Supercharge your PowerPoint productivity with
Supercharge your PPT Productivity with PPTools - Click here to learn more.

PPTools

Image Export converts PowerPoint slides to high-quality images.

PPT2HTML exports HTML even from PowerPoint 2010 and 2013, gives you full control of PowerPoint HTML output, helps meet Section 508 accessibility requirements

Merge Excel data into PowerPoint presentations to create certificates, awards presentations, personalized presentations and more

Resize your presentations quickly and without distortion

Language Selector switches the text in your presentation from one language to another

FixLinks prevents broken links when you distribute PowerPoint presentations

Shape Styles brings styles to PowerPoint. Apply complex formatting with a single click.

Prep4PDF preserves interactivity in PowerPoint presentations when you convert to PDF

Should I get 32- or 64-bit Office 2010?

When you install Office 2010, you have the option of choosing either 32-bit or 64-bit versions. Which should you choose?

The simplest answer: If you don't know WHY you need 64-bit Office, then you DON'T need it. Install the 32-bit version instead.

I have a 64-bit version of Windows. Do I need to install 64-bit Office to match?

No. You can install either 32- or 64-bit Office.

32-bit Office may perform better on 64-bit Windows 7 than on 32-bit Windows 7. Windows 32-bit can use no more than 4 GB of memory. If you have more than that, 64-bit Windows can use it and make it available to Office and your other apps - whether they're 32-bit or 64-bit.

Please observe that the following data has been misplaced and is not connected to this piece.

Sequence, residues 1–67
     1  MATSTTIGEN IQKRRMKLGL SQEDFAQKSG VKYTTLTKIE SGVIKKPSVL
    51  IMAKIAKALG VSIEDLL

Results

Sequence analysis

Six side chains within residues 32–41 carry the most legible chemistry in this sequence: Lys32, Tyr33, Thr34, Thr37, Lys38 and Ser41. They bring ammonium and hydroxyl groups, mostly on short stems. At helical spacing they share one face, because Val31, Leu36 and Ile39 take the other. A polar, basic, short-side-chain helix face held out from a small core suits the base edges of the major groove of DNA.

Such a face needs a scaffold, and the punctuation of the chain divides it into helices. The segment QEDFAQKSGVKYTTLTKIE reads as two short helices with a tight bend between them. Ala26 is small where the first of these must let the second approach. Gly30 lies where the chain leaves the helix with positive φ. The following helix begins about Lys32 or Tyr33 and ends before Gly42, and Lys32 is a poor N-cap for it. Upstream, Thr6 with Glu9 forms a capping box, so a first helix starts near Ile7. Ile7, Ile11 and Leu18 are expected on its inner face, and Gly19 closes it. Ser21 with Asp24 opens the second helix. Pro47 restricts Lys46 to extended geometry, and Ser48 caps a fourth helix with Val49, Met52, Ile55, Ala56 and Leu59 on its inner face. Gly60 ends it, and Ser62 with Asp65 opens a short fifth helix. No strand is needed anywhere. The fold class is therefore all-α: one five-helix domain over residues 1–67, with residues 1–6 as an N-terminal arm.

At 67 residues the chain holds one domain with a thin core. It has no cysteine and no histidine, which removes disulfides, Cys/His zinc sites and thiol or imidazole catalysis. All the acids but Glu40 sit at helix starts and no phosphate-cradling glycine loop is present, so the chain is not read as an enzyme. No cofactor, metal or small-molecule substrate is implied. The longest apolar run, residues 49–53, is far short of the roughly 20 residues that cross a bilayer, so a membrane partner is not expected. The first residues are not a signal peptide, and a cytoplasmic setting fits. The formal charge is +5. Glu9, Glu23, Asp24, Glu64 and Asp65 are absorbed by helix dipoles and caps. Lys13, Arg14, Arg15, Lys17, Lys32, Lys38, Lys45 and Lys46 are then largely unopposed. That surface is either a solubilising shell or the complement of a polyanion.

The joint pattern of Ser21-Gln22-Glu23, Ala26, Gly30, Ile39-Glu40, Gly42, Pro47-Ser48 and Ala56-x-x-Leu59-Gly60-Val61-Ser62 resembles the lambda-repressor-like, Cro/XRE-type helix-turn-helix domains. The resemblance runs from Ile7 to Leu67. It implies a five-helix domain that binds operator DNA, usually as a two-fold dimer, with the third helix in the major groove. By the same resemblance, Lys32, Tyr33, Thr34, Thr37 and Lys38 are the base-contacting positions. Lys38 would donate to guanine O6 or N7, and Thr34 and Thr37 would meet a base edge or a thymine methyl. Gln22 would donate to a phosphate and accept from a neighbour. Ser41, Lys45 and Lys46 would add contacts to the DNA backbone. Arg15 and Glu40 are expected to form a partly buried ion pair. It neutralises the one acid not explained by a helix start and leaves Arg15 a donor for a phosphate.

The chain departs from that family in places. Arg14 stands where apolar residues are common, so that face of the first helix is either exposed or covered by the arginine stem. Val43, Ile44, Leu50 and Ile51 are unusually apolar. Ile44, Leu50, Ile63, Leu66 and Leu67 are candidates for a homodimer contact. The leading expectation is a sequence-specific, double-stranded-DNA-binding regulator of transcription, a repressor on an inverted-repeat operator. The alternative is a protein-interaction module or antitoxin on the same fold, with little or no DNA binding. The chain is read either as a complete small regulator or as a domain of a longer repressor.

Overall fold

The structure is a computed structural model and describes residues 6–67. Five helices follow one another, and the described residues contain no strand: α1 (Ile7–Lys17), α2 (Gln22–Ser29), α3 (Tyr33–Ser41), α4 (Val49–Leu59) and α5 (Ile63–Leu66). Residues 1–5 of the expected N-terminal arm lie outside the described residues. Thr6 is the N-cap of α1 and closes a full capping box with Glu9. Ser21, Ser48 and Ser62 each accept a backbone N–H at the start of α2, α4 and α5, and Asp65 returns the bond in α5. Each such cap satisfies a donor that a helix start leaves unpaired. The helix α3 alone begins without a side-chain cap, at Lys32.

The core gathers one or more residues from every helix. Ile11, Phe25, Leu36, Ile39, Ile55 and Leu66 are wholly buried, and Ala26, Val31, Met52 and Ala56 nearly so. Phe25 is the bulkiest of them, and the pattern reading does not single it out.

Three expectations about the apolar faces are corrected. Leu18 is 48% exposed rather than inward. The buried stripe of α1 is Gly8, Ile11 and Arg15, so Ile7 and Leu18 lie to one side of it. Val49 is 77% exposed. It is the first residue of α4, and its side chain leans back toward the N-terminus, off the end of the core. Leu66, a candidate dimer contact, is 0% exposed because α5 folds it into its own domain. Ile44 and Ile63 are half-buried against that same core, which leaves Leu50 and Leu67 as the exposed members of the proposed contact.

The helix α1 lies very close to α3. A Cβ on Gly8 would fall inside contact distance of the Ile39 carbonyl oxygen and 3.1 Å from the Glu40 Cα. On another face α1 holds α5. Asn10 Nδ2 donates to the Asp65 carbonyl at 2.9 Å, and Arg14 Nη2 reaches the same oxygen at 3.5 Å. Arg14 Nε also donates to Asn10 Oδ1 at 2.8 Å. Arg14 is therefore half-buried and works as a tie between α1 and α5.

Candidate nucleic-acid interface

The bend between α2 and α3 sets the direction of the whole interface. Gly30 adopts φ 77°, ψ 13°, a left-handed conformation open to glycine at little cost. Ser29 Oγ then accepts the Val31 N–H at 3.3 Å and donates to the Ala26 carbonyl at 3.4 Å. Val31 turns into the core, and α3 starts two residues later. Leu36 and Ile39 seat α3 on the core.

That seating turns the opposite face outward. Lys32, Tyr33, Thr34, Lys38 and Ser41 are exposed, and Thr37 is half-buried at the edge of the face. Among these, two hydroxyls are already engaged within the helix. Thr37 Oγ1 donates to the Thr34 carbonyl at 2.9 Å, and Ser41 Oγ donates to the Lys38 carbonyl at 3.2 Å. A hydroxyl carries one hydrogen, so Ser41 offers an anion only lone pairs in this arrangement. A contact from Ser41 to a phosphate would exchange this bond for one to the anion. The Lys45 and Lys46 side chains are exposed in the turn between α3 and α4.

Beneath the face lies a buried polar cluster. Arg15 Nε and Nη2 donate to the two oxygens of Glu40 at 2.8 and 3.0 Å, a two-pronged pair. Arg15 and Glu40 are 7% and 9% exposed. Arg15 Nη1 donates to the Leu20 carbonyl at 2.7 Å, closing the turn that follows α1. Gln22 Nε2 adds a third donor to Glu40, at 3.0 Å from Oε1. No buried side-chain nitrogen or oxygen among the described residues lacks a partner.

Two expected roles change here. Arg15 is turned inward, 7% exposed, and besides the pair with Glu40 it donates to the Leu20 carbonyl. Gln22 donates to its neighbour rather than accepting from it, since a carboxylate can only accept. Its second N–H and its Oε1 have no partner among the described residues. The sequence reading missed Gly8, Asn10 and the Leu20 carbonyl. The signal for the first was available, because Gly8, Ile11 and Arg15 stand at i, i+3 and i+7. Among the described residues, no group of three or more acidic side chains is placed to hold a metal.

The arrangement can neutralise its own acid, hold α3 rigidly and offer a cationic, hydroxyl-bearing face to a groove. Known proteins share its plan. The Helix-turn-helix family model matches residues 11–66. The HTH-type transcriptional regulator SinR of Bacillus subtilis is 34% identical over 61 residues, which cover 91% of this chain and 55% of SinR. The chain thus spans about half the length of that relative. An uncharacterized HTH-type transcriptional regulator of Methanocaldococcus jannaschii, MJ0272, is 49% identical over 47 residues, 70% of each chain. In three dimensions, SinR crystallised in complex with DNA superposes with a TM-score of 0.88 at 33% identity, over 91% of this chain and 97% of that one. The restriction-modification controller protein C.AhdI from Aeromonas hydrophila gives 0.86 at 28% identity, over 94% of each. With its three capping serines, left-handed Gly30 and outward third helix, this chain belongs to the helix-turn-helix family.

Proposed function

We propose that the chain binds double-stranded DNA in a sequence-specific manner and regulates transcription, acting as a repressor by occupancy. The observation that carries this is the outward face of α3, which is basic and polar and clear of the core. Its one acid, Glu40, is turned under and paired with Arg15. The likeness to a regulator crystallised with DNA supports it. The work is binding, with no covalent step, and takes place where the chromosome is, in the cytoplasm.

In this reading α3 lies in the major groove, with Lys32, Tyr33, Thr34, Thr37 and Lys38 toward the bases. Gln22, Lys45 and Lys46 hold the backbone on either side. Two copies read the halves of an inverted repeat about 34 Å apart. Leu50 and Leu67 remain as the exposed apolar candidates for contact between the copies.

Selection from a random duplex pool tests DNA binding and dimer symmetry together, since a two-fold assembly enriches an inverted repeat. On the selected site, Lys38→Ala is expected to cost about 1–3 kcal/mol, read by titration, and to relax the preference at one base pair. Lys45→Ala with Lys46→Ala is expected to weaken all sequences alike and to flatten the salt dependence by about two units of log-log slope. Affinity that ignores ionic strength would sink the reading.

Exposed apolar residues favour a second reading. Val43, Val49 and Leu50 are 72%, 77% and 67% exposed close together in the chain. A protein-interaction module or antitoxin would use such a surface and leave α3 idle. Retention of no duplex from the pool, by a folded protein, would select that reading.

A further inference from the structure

If you have a 32-bit version of Windows, the decision's already made for you. You can't install 64-bit Office in 32-bit Windows.

Isn't the 64-bit version of Office better/higher/further/faster/more [whatever] than the 32-bit version?

Yes and no.

If you work with Excel spreadsheets of over 2 gigabytes or huge Project files, you may want to choose 64-bit Office. However, you may lose the ability to use the add-ins and Active-X controls in all of your Office apps.

64-bit PowerPoint has no advantages over the 32-bit version.

Why should I believe you? What does Microsoft say about it?

Glad you asked!

Read Microsoft's own information and advice about 64-bit Office 2010 here.

That page also explains how to install 64-bit Office and lists a number of other applications that may "block" your ability to install it.

There's more about 64-bit Office on this Technet blog page, but here's the relevant bit:


"If users in your organization depend on existing extensions to Office, such as ActiveX controls, third-party add-ins, in-house solutions built on previous versions of Office, or 32-bit versions of programs that interface directly with Office, we recommend that you install 32-bit Office 2010 (the default installation) on computers that are running both 32-bit and 64-bit supported Windows operating systems."


Did this solve your problem? If so, please consider supporting the PPT FAQ with a small PayPal donation.
Page copy protected against web site content infringement by Copyscape Contents © 1995 - 2015 Stephen Rindsberg, Rindsberg Photography, Inc. and members of the MS PowerPoint MVP team. You may link to this page but any form of unauthorized reproduction of this page's contents is expressly forbidden.
Español    Deutsch    Français    Português    Italiano    Nederlands    Greek    Japanese    Korean    Chinese

Supercharge your PPT Productivity with PPTools

content authoring & site maintenance by
Friday, the automatic faq maker (logo)
Friday - The Automatic FAQ Maker

Should I get 32- or 64-bit Office 2010?
http://www.pptfaq.com/FAQ01047_Should_I_get_32-_or_64-bit_Office_2010-.htm
Last update 24 December, 2012
Created: